Dell to cut about 6,650 jobs, battered by plunging PC sales
Feb. 6, 2023 Updated Mon., Feb. 6, 2023 at 10:33 a.m.
Dell Technologies is eliminating about 6,650 roles as it faces plummeting demand for personal computers, becoming the latest technology company to announce thousands of job cuts.
The reduction amounts to about 5% of Dell’s global workforce, the company said in a regulatory filing early Monday. Dell is experiencing market conditions that “continue to erode with an uncertain future,” Co-Chief Operating Officer Jeff Clarke wrote in memo viewed by Bloomberg.
After a pandemic-era PC boom, Dell and other hardware makers have seen cratering demand. Industry analyst IDC said preliminary data show personal computer shipments dropped sharply in the fourth quarter of 2022. Among major companies, Dell saw the largest decline – 37% compared with the same period in 2021, according to IDC. Dell generates about 55% of its revenue from PCs.
Clarke told workers that previous cost-cutting measures, including a pause on hiring and limits on travel, are no longer enough. The department reorganizations, along with the job reductions, are viewed as an opportunity to drive efficiency, according to a company spokesperson said.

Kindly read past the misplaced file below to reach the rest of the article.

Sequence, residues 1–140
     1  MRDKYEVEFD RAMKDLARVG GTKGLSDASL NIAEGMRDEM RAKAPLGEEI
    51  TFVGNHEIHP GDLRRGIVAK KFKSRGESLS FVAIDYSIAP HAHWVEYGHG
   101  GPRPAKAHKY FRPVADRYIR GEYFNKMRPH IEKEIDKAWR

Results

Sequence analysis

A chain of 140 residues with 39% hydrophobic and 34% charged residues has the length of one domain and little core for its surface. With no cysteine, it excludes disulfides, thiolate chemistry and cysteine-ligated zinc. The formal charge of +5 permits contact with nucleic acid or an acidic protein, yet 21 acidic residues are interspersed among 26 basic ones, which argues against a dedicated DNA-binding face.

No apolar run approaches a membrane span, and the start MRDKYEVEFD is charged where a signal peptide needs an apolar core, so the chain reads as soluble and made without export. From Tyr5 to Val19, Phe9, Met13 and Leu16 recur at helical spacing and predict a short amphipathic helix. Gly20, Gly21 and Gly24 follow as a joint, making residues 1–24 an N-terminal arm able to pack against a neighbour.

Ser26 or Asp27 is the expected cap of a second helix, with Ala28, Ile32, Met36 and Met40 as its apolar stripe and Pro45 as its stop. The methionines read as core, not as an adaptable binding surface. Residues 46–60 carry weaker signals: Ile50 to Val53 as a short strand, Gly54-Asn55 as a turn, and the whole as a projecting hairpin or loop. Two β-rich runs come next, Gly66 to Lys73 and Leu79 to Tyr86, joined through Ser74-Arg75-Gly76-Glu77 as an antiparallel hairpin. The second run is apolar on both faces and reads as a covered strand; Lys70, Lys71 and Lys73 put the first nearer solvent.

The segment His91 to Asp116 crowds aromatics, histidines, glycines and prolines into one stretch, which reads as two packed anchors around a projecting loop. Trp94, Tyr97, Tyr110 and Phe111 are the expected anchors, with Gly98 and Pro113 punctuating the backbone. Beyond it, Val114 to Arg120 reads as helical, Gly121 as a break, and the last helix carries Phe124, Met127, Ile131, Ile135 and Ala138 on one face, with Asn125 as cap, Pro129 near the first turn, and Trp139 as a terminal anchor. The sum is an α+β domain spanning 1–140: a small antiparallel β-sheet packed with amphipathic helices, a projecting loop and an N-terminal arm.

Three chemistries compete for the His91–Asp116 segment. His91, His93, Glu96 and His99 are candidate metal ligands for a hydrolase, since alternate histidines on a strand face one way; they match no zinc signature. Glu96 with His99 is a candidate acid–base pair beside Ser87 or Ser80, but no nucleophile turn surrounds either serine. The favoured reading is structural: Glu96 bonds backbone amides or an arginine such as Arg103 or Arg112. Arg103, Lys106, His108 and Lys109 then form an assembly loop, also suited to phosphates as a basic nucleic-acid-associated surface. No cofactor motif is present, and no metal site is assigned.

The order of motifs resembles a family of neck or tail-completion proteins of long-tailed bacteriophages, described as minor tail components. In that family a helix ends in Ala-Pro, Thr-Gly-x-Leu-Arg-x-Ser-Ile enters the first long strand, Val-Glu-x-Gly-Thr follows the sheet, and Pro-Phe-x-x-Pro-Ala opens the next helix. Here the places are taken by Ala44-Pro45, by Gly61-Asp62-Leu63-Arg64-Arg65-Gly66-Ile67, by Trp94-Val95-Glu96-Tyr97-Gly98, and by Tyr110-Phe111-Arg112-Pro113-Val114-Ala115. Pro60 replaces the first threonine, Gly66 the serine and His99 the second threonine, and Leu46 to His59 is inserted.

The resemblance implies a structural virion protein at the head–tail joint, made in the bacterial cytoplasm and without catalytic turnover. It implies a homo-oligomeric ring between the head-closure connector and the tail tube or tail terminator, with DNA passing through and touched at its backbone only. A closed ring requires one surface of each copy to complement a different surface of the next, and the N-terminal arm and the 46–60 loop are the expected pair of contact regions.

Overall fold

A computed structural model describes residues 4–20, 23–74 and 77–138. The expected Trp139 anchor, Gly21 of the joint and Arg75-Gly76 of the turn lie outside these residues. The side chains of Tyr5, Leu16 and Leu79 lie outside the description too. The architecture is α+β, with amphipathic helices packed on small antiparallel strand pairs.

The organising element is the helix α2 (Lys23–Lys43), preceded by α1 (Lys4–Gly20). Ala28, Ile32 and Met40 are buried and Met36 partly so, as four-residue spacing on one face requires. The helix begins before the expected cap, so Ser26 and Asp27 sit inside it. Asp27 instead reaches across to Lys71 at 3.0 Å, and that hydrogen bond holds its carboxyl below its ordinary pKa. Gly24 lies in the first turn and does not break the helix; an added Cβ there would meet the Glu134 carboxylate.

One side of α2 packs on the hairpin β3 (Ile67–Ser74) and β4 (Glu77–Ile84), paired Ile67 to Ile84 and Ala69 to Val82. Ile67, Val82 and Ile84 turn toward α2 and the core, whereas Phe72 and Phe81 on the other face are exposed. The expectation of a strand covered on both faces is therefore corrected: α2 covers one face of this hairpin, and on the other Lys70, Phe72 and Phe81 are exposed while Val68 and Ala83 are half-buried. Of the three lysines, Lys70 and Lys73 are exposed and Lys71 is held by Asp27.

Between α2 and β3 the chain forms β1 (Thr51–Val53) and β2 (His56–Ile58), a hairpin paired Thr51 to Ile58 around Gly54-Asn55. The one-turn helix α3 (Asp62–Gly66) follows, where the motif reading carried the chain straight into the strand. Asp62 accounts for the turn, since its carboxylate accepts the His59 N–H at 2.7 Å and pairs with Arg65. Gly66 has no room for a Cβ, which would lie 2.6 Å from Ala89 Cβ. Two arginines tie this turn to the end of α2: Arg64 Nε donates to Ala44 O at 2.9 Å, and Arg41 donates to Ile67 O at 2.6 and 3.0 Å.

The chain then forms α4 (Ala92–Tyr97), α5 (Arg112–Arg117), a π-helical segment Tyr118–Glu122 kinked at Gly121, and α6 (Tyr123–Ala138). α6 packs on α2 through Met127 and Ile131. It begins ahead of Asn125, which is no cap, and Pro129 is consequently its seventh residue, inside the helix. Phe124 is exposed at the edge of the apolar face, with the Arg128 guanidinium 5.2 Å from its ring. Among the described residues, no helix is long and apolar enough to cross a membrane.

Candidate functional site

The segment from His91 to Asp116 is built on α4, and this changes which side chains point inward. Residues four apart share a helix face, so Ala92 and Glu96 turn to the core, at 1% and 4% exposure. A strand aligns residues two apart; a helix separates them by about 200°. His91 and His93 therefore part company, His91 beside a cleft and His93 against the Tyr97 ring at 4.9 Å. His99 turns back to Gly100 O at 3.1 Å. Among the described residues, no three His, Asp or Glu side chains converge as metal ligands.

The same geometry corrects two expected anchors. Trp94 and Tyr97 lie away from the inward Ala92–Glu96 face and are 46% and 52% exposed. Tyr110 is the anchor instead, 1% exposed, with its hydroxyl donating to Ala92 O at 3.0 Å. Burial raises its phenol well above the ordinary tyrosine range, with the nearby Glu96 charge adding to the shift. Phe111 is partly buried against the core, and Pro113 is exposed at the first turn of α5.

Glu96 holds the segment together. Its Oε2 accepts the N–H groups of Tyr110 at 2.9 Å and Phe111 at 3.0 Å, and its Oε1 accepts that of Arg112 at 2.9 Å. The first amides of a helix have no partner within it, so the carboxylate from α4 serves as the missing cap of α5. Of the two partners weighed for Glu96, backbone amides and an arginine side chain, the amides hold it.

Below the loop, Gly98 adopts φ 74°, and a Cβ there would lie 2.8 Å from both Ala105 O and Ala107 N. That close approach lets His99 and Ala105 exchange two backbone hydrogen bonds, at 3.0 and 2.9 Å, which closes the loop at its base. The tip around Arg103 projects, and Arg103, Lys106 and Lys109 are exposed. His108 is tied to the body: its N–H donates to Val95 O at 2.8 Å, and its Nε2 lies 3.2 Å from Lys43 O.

The move “affirms our expectation of a delayed PC rebound in 2023 and suggests further sales erosion in the company’s client solutions group, especially in 2H,” Woo Jin Ho, senior analyst at Bloomberg Intelligence, said in a note. “Though we calculate the move could cut annual expenses by $700 million-$1 billion, helping to preserve margin and limiting the dent to EPS, Dell still faces limited visibility in PC demand.”
Layoffs have hammered the tech sector in recent months, including many of Dell’s peers and competitors. HP, similarly exposed to the PC market, announced in November a reduction of as many as 6,000 workers. Cisco Systems and IBM each said they would eliminate about 4,000 workers. The tech sector announced 97,171 job cuts in 2022, up 649% compared with the previous year, according to consulting firm Challenger, Gray & Christmas.
After the reduction, the head count for Round Rock, Texas-based Dell will be its lowest in at least six years – about 39,000 fewer employees than in January 2020, before the company spun out its stake in VMware. Only about one-third of the company employees are U.S.-based, according to a March 2022 filing.
Dell reported a 6% sales decline in the period ended Oct. 28 and gave a revenue forecast for the current quarter that fell short of analysts’ estimates, saying customers were reducing their purchases of information technology. The company is expected to provide further information on the financial impact of the job cuts when it reports fiscal fourth-quarter results on March 2.
“We’ve navigated economic downturns before and we’ve emerged stronger,” Clarke wrote in his note to employees. “We will be ready when the market rebounds.”
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